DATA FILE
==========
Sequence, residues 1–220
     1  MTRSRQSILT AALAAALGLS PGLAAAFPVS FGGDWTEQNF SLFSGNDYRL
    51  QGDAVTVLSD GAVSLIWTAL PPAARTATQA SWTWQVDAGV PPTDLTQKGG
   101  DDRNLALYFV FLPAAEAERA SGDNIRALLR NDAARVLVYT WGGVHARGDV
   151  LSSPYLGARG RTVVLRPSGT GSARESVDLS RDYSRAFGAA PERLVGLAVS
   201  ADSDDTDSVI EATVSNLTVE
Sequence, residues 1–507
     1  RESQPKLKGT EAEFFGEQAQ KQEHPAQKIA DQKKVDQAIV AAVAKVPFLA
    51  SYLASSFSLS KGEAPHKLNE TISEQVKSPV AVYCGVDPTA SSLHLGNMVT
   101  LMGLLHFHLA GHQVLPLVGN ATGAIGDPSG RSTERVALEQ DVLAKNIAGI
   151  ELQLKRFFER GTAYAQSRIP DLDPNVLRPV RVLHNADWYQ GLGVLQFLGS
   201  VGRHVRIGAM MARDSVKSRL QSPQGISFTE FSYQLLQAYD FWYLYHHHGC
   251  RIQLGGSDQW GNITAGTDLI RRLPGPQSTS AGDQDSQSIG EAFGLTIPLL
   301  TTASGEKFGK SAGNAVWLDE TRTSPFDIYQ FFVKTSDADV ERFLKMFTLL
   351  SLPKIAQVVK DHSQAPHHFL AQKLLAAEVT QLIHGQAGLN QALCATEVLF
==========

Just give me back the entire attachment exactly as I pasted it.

Sequence, residues 1–220
     1  MTRSRQSILT AALAAALGLS PGLAAAFPVS FGGDWTEQNF SLFSGNDYRL
    51  QGDAVTVLSD GAVSLIWTAL PPAARTATQA SWTWQVDAGV PPTDLTQKGG
   101  DDRNLALYFV FLPAAEAERA SGDNIRALLR NDAARVLVYT WGGVHARGDV
   151  LSSPYLGARG RTVVLRPSGT GSARESVDLS RDYSRAFGAA PERLVGLAVS
   201  ADSDDTDSVI EATVSNLTVE
Sequence, residues 1–507
     1  RESQPKLKGT EAEFFGEQAQ KQEHPAQKIA DQKKVDQAIV AAVAKVPFLA
    51  SYLASSFSLS KGEAPHKLNE TISEQVKSPV AVYCGVDPTA SSLHLGNMVT
   101  LMGLLHFHLA GHQVLPLVGN ATGAIGDPSG RSTERVALEQ DVLAKNIAGI
   151  ELQLKRFFER GTAYAQSRIP DLDPNVLRPV RVLHNADWYQ GLGVLQFLGS
   201  VGRHVRIGAM MARDSVKSRL QSPQGISFTE FSYQLLQAYD FWYLYHHHGC
   251  RIQLGGSDQW GNITAGTDLI RRLPGPQSTS AGDQDSQSIG EAFGLTIPLL
   301  TTASGEKFGK SAGNAVWLDE TRTSPFDIYQ FFVKTSDADV ERFLKMFTLL
   351  SLPKIAQVVK DHSQAPHHFL AQKLLAAEVT QLIHGQAGLN QALCATEVLF